HL Deb 13 April 1978 vol 390 cc779-82

My Lords, I beg leave to ask the Question which stands in my name on the Order Paper.

The Question was as follows:

To ask Her Majesty's Government what progress has been made in reestablishing the normal foreign affairs representation of an ambassador between the United Kingdom and the Argentine.


My Lords, there are no immediate plans to restore our representation to ambassadorial level but the position is kept under review. Meanwhile, our embassy conducts its full range of duties under a Chargé d'Affaires.


My Lords, I thank the noble Lord for his reply which is similar to one he gave me quite a long while ago, and I am wondering how long the review will go on. Is he aware that the Argentine is pulling out of its inflation, that its trade is increasing and that we have very great interests there? However good our Chargé d'Affaires is—and he is excellent —would it not be much more sensible to restore our ambassador and return to normal relations, which would improve the co-operation of the country on difficult questions?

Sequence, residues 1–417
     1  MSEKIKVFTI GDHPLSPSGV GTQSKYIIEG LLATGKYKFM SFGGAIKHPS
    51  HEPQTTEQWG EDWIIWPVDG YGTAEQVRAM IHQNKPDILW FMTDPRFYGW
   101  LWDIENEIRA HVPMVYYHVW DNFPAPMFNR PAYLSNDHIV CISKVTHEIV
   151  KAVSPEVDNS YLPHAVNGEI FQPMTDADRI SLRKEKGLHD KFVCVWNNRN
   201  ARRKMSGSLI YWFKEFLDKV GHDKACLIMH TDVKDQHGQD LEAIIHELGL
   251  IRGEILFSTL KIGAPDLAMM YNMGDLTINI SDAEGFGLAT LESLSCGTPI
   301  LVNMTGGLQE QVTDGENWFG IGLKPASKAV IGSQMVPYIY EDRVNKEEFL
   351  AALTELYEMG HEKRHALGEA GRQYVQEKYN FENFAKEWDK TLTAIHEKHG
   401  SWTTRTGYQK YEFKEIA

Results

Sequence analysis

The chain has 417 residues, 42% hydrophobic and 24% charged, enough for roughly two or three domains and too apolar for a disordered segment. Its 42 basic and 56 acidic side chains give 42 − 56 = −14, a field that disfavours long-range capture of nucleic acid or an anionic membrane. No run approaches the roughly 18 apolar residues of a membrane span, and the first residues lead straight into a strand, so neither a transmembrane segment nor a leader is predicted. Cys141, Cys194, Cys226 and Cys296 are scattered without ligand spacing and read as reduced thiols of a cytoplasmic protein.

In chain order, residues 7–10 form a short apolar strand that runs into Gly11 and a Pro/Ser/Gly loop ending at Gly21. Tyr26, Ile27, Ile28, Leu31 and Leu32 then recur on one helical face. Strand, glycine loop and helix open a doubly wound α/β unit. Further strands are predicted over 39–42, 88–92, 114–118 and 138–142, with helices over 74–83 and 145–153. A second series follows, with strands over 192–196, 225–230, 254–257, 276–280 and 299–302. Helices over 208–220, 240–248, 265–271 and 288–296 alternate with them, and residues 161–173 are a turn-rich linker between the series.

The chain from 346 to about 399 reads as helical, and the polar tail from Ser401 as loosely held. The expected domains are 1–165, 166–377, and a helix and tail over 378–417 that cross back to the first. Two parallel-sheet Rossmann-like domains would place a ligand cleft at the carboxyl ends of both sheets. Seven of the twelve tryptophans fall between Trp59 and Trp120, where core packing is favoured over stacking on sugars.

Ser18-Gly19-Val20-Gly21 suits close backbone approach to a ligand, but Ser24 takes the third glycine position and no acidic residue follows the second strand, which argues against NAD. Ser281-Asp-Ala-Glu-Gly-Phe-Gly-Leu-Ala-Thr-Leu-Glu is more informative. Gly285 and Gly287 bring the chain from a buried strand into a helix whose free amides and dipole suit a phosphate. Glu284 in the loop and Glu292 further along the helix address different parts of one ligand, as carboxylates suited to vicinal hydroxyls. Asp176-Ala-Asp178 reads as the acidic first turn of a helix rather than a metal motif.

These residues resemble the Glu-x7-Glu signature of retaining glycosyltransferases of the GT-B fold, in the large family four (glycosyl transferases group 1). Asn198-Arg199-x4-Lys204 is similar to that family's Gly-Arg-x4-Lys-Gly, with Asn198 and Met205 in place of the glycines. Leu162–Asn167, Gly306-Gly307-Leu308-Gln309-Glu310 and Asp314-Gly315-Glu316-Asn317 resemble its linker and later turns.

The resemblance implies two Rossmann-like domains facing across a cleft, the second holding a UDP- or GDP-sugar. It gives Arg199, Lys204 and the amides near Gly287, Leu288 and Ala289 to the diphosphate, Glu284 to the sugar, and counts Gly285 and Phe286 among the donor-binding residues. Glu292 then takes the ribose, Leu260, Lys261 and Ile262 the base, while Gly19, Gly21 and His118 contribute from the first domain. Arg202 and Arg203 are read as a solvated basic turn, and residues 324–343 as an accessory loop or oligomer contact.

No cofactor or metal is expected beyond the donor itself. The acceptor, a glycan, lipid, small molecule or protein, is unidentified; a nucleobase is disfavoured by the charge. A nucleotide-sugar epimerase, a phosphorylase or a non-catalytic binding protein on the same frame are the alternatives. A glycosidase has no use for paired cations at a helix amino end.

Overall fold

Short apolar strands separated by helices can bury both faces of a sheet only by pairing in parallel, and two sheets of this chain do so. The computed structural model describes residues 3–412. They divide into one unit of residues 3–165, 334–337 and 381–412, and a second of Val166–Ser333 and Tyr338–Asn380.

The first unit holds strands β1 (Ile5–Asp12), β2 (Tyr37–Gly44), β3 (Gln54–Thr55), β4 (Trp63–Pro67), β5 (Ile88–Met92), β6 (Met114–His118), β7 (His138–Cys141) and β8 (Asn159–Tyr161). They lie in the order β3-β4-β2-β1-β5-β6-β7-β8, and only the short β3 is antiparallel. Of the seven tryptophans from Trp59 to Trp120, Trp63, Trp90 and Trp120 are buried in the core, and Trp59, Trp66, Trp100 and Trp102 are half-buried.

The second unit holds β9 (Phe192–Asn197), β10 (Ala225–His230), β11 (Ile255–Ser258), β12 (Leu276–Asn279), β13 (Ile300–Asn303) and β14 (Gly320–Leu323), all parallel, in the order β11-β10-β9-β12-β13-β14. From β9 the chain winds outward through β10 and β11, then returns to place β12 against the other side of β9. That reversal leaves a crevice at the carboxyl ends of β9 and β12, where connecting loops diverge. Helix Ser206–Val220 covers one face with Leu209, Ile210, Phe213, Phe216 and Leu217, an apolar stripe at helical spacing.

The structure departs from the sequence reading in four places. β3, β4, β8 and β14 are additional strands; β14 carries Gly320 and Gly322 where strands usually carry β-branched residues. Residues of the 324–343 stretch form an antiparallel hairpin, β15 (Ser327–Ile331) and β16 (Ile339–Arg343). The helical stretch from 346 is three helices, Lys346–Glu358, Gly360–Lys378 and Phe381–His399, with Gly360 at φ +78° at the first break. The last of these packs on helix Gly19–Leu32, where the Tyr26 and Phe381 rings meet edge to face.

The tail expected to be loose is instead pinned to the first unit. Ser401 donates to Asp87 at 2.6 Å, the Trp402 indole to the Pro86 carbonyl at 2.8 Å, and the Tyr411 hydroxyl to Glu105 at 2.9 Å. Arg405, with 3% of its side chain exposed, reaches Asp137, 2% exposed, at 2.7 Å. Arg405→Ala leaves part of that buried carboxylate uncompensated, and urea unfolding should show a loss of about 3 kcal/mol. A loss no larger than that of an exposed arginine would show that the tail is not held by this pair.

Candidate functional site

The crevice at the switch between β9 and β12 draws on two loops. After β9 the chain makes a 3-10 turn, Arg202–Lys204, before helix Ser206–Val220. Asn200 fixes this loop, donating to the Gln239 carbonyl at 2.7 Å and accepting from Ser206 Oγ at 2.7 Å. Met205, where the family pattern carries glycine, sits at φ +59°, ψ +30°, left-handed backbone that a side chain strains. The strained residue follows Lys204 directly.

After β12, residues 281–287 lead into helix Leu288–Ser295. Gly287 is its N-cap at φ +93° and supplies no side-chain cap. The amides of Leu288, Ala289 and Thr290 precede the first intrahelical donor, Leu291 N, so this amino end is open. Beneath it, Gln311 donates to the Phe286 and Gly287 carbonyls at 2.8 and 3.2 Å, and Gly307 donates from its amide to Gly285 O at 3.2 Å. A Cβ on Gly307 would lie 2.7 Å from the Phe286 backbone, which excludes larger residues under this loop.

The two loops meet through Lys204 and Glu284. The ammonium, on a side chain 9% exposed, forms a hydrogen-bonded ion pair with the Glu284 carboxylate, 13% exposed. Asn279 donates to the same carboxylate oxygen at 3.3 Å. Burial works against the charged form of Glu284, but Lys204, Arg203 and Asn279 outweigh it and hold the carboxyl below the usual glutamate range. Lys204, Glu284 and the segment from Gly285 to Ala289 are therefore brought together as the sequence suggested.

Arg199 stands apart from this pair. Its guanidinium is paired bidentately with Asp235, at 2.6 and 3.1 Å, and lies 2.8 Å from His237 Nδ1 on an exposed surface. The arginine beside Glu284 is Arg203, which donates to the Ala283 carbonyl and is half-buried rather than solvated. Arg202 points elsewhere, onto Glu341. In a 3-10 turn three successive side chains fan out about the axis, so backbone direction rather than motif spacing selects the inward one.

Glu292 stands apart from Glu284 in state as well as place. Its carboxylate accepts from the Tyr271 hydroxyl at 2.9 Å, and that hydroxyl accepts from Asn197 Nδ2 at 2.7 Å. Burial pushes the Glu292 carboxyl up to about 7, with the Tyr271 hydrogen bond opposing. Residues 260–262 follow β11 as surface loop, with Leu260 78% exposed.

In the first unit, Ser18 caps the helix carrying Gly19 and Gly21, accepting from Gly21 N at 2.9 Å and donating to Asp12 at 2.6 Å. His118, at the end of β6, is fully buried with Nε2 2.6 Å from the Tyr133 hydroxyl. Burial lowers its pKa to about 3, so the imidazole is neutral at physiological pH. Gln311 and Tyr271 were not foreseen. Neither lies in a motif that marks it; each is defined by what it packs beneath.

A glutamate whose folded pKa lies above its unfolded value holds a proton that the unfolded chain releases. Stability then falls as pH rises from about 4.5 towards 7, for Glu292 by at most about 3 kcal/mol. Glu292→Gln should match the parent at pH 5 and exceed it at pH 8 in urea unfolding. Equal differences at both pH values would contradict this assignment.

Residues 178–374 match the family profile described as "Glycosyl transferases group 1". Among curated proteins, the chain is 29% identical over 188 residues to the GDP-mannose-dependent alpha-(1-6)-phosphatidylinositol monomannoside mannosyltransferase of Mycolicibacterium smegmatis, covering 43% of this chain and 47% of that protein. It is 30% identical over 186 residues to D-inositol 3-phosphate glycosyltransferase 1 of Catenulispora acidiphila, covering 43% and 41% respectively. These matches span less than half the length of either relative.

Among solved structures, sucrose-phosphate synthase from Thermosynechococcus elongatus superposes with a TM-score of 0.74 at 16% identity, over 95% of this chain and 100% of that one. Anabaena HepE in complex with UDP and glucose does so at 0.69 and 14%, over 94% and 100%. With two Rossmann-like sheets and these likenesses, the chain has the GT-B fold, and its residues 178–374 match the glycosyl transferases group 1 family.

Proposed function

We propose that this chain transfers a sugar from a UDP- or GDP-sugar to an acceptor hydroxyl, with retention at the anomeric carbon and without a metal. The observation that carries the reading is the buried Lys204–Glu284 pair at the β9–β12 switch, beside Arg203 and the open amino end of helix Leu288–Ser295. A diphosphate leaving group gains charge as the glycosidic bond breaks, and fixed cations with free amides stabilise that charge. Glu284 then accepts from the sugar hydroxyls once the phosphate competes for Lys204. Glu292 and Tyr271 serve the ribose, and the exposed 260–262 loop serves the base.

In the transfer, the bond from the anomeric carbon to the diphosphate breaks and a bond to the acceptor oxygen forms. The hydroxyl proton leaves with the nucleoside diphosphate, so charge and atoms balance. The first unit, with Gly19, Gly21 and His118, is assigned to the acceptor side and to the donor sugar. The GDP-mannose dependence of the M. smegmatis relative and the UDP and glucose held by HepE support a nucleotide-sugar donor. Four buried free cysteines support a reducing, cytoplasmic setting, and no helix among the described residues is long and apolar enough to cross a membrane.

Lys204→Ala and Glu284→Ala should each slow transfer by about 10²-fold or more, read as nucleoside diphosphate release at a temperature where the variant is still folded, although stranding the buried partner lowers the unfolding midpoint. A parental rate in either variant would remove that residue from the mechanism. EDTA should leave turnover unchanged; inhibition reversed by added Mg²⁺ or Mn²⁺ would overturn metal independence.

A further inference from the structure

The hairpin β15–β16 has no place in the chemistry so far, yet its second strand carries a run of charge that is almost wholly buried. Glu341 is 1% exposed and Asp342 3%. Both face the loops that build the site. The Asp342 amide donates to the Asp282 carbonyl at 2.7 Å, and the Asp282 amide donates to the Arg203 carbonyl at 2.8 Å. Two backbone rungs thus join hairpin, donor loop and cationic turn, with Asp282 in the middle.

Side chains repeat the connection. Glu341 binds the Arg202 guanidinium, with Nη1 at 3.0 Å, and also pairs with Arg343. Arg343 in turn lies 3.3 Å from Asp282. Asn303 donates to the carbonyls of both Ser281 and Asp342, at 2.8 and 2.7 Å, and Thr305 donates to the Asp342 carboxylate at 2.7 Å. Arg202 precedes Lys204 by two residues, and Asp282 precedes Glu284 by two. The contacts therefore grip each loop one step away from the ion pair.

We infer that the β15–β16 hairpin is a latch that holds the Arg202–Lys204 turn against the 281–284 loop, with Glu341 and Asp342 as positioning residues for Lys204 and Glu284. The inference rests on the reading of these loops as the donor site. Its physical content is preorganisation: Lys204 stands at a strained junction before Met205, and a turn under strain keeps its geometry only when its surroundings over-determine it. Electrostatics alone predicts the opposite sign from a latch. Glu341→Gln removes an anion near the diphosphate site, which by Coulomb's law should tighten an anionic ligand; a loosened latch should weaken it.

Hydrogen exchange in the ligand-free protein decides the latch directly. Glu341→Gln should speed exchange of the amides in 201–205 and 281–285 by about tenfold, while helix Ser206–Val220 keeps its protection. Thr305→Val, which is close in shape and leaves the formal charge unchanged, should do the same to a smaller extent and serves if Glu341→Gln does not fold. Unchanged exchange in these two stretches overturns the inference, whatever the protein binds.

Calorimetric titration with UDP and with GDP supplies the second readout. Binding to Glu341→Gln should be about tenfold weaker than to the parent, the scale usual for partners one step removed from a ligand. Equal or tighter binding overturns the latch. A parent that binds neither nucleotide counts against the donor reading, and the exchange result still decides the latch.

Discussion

My Lords, I am grateful to the noble Baroness for her tribute to my consistency. I entirely agree with her about the quality of the representation which we now have in Buenos Aires. We have, indeed, an excellent Chargé d'Affaires in that capital. As to trade, I entirely agree. I am glad to inform the House that trade with the Argentine has improved in the last year or so. In 1976 we exported £63 million to the Argentine; in 1977 that amount had risen to £130 million. In that year our imports from the Argentine amounted to £120 million. Therefore, we are £10 million to the good on a rising curve of mutual trade.

Baroness ELLES